HHS ‘Service to Self’ program promotes first responder resilience
CAPCE-approved online program confronts ‘hero culture’ and shares tools to address mental health challenges
If you are interested in hearing from firefighters who have faced mental health issues, like PTSD and depression, review the FireRescue1 Voices section, where firefighters are sharing their stories about difficult calls and voicing their opinions about a variety of issues facing the fire service.
Resilience is a quality we often think of as inherent to all first responders. While that may be true to some degree, shocking national statistics and heartbreaking personal stories of first responder PTSD and suicide indicate that there is still a long way to go in terms of awareness and resources for responder mental health and well-being.
One great resource comes from a little-known branch of the Department of Health and Human Services (HHS). The Substance Abuse and Mental Health Services Administration (SAMHSA) offers a free one-hour online continuing education program titled “Service to Self,” aimed at helping fire and EMS responders understand their own vulnerabilities and improve their personal and professional resilience. While the program is under the SAMHSA Disaster Technical Assistance Center (DTAC), it is intended to promote resilience on a day-to-day context, not just during or after a disaster event.
Having recently taken the Service to Self program, I can attest to the fact that it is an excellent resource for leaders and administrators as well as field personnel. Plus, the program is accredited by the Commission on Accreditation for Pre-Hospital Continuing Education (CAPCE).
Presented by EMTs and firefighters, the program begins by addressing the hero culture of emergency services, namely the problematic expectation that firefighters and EMS personnel remain stoic in the face of adversity, neither needing nor asking for help. This is compounded by the all-too-common stigma within emergency services that discourages honest discussion about the types of behavioral health issues that are widespread in our profession.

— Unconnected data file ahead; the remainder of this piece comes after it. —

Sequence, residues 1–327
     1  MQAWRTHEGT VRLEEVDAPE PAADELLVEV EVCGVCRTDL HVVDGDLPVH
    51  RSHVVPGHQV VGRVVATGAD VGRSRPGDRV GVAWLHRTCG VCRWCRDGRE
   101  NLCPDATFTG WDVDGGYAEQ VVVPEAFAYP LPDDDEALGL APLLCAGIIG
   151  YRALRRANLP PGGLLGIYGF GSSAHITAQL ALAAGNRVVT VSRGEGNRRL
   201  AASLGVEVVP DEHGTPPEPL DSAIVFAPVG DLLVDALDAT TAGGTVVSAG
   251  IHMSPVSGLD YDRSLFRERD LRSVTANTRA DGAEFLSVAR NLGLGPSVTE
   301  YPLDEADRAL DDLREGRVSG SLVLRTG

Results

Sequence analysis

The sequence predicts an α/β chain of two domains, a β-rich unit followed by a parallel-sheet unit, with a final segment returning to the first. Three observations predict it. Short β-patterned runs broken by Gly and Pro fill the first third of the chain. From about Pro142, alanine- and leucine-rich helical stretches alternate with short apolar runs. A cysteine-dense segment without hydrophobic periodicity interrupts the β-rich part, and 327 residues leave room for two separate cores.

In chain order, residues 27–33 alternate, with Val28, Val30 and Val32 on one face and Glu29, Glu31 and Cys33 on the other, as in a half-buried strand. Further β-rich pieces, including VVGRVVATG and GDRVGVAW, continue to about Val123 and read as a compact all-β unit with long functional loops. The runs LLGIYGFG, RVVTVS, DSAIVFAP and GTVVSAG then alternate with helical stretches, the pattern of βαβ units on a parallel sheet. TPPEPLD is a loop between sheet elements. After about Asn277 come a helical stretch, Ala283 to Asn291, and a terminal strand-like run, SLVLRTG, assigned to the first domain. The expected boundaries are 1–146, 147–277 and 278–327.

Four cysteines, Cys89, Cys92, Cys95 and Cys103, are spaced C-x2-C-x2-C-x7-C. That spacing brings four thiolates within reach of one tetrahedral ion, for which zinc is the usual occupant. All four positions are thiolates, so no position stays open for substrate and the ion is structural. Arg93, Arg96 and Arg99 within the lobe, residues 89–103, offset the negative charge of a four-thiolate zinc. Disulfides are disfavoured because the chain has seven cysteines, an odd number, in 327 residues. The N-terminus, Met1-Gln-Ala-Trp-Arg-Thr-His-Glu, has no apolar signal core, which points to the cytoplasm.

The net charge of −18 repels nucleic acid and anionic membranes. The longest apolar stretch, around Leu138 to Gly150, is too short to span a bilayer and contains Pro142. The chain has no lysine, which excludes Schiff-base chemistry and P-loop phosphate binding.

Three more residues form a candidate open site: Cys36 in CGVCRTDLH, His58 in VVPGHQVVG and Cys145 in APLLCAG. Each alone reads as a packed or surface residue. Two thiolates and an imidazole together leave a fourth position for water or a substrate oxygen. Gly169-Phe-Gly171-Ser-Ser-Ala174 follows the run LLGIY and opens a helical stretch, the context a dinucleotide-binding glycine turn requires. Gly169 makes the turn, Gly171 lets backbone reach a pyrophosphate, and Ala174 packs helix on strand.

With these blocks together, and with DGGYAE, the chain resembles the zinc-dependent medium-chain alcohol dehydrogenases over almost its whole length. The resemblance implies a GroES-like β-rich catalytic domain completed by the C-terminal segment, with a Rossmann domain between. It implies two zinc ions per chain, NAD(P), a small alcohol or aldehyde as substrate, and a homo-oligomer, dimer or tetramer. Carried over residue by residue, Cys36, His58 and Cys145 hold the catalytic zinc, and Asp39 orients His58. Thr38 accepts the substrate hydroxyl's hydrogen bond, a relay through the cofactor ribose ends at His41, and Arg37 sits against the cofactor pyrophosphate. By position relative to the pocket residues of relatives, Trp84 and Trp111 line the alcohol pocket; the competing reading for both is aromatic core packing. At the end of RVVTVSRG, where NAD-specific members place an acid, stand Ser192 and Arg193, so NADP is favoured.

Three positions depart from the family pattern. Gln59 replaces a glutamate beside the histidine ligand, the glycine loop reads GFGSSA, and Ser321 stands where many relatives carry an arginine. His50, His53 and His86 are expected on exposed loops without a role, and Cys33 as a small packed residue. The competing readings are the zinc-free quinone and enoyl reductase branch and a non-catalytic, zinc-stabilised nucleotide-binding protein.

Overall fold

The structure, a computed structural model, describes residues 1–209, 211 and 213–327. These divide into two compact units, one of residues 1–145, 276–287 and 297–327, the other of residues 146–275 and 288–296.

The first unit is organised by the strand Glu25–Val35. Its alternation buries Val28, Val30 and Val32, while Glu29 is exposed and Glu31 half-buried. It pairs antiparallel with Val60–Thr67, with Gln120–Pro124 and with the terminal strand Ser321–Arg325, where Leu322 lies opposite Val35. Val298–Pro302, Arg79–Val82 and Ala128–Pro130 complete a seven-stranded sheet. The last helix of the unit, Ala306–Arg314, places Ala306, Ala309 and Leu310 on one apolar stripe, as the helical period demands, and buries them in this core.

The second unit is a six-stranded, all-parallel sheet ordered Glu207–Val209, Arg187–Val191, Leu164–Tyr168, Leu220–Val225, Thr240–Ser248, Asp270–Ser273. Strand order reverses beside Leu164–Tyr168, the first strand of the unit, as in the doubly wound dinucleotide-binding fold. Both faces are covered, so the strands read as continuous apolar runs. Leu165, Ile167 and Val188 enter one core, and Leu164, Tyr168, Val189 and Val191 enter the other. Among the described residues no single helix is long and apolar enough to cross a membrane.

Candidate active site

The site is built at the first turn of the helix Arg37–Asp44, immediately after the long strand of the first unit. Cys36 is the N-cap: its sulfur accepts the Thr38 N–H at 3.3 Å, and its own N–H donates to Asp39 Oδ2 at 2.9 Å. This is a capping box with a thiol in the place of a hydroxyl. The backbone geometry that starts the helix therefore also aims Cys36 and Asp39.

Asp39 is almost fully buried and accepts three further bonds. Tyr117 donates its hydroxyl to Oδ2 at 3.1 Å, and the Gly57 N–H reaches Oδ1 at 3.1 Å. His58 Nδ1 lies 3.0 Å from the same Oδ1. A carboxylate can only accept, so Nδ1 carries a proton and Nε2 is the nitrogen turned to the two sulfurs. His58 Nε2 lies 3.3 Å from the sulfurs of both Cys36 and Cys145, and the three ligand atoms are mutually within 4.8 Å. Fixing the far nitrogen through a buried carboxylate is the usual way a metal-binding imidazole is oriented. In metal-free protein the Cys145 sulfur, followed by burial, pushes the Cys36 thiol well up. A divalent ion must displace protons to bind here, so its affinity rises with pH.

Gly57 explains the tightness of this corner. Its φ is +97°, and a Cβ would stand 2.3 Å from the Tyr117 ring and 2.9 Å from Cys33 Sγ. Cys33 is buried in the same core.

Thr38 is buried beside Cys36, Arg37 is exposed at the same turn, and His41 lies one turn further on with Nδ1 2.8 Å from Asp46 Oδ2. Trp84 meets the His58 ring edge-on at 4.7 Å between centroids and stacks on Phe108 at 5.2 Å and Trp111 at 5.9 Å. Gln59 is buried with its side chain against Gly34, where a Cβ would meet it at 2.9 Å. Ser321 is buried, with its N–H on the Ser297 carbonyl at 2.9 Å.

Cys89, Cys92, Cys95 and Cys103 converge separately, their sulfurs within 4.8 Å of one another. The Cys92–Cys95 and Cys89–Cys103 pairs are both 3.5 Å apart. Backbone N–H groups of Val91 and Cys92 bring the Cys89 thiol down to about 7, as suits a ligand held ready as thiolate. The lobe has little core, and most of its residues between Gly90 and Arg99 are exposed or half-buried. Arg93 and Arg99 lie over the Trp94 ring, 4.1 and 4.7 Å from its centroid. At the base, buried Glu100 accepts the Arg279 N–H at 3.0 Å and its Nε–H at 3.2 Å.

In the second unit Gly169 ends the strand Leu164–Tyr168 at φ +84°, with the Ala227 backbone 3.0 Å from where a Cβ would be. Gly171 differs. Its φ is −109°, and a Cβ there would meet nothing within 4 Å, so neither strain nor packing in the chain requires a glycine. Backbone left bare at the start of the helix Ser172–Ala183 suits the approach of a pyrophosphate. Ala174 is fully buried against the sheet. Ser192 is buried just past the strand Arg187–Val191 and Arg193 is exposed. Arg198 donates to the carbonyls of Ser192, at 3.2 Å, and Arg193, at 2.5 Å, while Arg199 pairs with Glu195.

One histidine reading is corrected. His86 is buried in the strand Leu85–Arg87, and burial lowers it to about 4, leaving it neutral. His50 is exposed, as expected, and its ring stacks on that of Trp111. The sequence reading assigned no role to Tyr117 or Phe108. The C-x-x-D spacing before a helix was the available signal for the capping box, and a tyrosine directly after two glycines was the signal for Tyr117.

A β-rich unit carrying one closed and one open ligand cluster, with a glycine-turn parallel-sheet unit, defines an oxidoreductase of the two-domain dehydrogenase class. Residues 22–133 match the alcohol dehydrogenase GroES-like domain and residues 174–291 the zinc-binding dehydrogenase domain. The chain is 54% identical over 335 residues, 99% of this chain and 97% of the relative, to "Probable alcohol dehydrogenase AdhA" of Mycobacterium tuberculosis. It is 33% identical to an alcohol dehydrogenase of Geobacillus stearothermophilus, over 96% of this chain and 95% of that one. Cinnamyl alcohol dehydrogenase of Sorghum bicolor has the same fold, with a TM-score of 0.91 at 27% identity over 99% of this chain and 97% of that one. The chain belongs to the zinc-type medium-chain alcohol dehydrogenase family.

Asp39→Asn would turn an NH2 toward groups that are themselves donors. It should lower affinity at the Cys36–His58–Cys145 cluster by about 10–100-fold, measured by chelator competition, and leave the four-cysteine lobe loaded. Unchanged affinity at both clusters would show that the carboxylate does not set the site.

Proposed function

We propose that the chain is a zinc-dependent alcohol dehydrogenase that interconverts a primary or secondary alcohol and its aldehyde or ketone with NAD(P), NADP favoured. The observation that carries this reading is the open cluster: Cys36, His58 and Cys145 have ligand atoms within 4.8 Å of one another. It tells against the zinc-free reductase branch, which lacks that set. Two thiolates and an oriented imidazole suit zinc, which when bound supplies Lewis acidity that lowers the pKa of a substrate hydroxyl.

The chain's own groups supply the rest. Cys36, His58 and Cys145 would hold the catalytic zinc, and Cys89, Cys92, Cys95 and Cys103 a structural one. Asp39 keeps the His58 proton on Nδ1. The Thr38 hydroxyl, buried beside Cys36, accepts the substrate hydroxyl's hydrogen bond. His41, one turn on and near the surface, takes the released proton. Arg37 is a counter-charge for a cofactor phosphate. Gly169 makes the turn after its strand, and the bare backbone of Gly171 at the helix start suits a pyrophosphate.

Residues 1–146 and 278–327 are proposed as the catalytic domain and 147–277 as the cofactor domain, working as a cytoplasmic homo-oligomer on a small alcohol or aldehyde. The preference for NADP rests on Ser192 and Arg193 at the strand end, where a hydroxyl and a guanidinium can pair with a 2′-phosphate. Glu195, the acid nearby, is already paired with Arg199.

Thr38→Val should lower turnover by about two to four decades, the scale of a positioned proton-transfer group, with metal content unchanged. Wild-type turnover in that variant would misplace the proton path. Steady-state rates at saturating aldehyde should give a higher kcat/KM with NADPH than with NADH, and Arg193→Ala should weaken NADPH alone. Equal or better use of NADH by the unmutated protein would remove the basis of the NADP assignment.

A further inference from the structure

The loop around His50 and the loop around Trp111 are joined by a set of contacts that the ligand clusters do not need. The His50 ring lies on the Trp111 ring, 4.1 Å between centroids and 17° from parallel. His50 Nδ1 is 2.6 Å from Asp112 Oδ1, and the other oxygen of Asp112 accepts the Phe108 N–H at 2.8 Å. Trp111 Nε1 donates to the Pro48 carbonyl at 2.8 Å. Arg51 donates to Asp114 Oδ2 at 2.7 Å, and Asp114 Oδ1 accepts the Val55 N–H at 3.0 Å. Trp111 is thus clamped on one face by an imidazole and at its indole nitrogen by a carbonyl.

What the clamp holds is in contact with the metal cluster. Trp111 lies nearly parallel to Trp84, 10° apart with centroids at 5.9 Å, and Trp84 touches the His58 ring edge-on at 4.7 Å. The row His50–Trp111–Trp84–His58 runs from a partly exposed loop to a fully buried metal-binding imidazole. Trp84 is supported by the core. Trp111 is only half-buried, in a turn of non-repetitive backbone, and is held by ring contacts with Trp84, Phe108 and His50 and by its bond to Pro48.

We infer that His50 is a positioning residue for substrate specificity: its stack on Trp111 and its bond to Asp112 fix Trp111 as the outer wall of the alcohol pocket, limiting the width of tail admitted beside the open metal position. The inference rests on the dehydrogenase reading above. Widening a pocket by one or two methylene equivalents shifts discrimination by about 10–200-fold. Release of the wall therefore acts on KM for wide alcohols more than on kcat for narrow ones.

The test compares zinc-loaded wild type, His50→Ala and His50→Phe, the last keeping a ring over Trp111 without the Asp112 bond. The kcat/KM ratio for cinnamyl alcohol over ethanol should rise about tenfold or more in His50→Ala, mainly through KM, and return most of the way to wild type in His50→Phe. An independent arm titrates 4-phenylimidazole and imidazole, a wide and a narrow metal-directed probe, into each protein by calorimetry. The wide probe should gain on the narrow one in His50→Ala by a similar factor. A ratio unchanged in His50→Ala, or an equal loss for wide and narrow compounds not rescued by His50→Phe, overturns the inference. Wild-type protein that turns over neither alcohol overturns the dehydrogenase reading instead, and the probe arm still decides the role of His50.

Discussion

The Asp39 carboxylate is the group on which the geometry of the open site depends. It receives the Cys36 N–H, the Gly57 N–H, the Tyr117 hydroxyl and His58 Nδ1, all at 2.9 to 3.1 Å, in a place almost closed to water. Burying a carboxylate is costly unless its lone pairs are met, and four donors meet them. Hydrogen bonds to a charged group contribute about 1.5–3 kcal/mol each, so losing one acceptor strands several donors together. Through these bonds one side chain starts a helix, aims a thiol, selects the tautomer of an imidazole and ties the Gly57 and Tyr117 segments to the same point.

As detailed in the Service to Self program, recent research has helped us better understand the degree to which sleep deprivation, work pressures, threats of physical violence and other stressors weigh on firefighters and EMS personnel. Specifically, up to 84% of first responders have experienced traumatic events in their line of work. Up to 34% have received a formal diagnosis of mental health disorder, such as depression or PTSD – and these numbers are considered strongly under-reported.
Tackling common troubles
The Service to Self program confronts the kinds of acute and chronic occupational stressors experienced by virtually all responders as well as the mental and physical health problems that can result from them. It also discusses common coping mechanisms, both positive and self-destructive, commonly used by first responders as well as mental health issues that can result from poor management, including depression, PTSD, substance abuse and even suicide.
The program raises the kind of important mental health and well-being issues that emergency services organizations need to address proactively. The many younger firefighters and EMTs who present the course make it exceptionally well suited for new EMT, paramedic and firefighter recruit training programs. While some of the content has been covered before, it remains no less relevant to even experienced emergency responders.
A place to start
Fire and EMS leaders owe it to their people to make this program a part of a comprehensive mental health and well-being program. If your organization doesn’t have one, this course may be a place to start. If you already have one in place, you may consider adding this program as a supplement to help individual responders as well as their families, healthcare workers, community leaders, religious leaders and peer support personnel better understand the weights that pull down our firefighters and EMS colleagues. Even more importantly, it helps give them the tools to recognize when things are going wrong and the resources to begin to intervene before it is too late.
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